Hi, thanks for your interest. The reasoning behind my choice is to have a more challenging experience - for example, while in a microcontroller development environment (using high-level design language, like C), to integrate a &quot;atan2&quot; trigonometric operation in your program, it only requires a library inclusion, and that's it. But in the low-level design language that I used in this project (VHDL, although it is possible to code in C too, but it not as near as efficient - it's like comparing Asemmbly with C), there are no trigonometric function integrated that can be implemented on a FPGA chip, and not only software simulated (math-real.vhdl, for ex.). Thus, I had to research and find a way to implement it myself, resulting in a new (for me) computation concept - CORDIC. While in Mplab or Android IDE it olny required to write &quot;atan2(x,y)&quot; and the IDE took care of the rest, in VHDL I ended up learning new information and actually appreciating how accessible, easy (and free!) the hardware programming environment is today. The VHDL-coding experience itself is for me something new, as it has few-to-none similarities with what I used before - parallel computing compared to sequential as in AVR/PIC/ARM micro-controllers. So in short, I choose it for the new knowledge it brings.
Oh alright, that makes a lot more sense. I was thinking you were shooting for a final product type design. I agree that there is much more to be learned from an FPGA. I am writing a simple processor in Verilog right now for one of my engineering courses. <br>Thanks for your input! Cheers!
<p>Hi, No, this is not even by far a final product (or even an attempt at it :) ). As a 3rd year student at Automatics and Applied Informatics, I started working on this project for this year's Digilent Design Contest (digilentdesigncontest.com). The idea behind the contest that they supplied the development board (of which each participant could choose either FPGA or ARM) and develop an application of their choosing for that board (no limitations imposed). My idea rose as a way to give use to the scavenged devices I had at home - the LCD screen, RF transmitter/receiver and IR Thermometer - devices that would prove difficult - if not impossible to implement on low-level 8bit microcontrollers that are mose usual and accesible for hobbyists lile myself (the LCD itself requires 10MHz data clock - a almost unreachable frequency for cheaper microcontrollers). Besides that, the FPGA arhitecture has it's many advantadges, most notably (almost) parallel processing and the idea of each I/O pin to be literally GPIO (general purpose), and not constraint to any hardware limitations (hardware intrerrupts, hardware fixed-protocol controllers - I2C, Uart, SPI, etc.). I'm also currently working on a PIC18-based project that implies continouous multiple i2c peripherals communication, and I can observe with my naked eye how each additional instruction reduces the rate of i2c device polling (times per second), while with the FPGA, it doesn't even brake a sweat no mather what I throw at it (the 10MHz LCD data controller, PWM, I2C, 7seg display, debouncer, finite state machine, signal events, and others). As a sidenote, what are the reasonings behind the choice of teaching Verilog over VHDL? I am aware that each has its own (dis)avantadges, but which one would prove more usefull in the future (as in professional uses - like developing FPGA designs for a living)? Best regards, pcmihnea</p>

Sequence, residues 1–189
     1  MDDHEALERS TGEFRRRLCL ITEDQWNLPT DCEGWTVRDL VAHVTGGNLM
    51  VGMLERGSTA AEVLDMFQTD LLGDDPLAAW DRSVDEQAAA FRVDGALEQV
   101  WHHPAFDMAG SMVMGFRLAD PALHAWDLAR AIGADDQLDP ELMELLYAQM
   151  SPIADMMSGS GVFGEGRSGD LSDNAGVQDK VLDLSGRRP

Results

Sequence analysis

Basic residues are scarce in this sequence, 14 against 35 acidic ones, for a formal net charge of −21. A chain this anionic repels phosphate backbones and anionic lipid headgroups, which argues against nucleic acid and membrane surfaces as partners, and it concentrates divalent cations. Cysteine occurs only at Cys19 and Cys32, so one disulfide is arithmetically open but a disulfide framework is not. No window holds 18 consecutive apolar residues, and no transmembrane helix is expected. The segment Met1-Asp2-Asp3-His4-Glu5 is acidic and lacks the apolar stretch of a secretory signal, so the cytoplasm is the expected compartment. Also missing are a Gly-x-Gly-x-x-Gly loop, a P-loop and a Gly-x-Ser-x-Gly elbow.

That makes perfect sense since FPGAs can be modified to fit the exact need. I really like the work you've done. I am not quite sure why my course chooses to teach Verilog over VHDL. I personally have no experience with VHDL. My course is an introduction to digital systems so perhaps Verilog is an easier language to teach?<br>Cheers!
<p>Verilog is more like C/C++ in structure, which is probably why MagicByCalvin is using it in an intro course. It's newer than VHDL, which has been an industry level standard for 20+ years. They both do the same thing (e.g. parallel execution vs. sequential), but Verilog can be easier to grasp when you are already familiar with C/C++. I believe that industry is still mostly VHDL, but they both have their place.</p>
<p>I've now taken a look at samples of both and I can see how Verilog is easier for the beginner. I also asked my professor about it and he said that they are similar enough to the point that he only needs to teach one. Once I go into industry I should be able to use my Verilog knowledge and transfer it over to VHDL. </p>
<p>I would encourage you to know both, even if only a cursory understanding of VHDL. It's not uncommon for industry interview questions to expect you to be able to code on the fly, and there's no guarantee what language they will expect. If their internal archive of material is in VHDL, I doubt they'll want to make the shift.</p>
<p>Thank you for that insight. I will be sure to get at the very least some exposure to VHDL before I apply for a job that would require descriptive programming. The way I understood it from my professor is it would be easy for me to start coding in VHDL or Verilog if I knew the other. Knowing both can't hurt though!</p>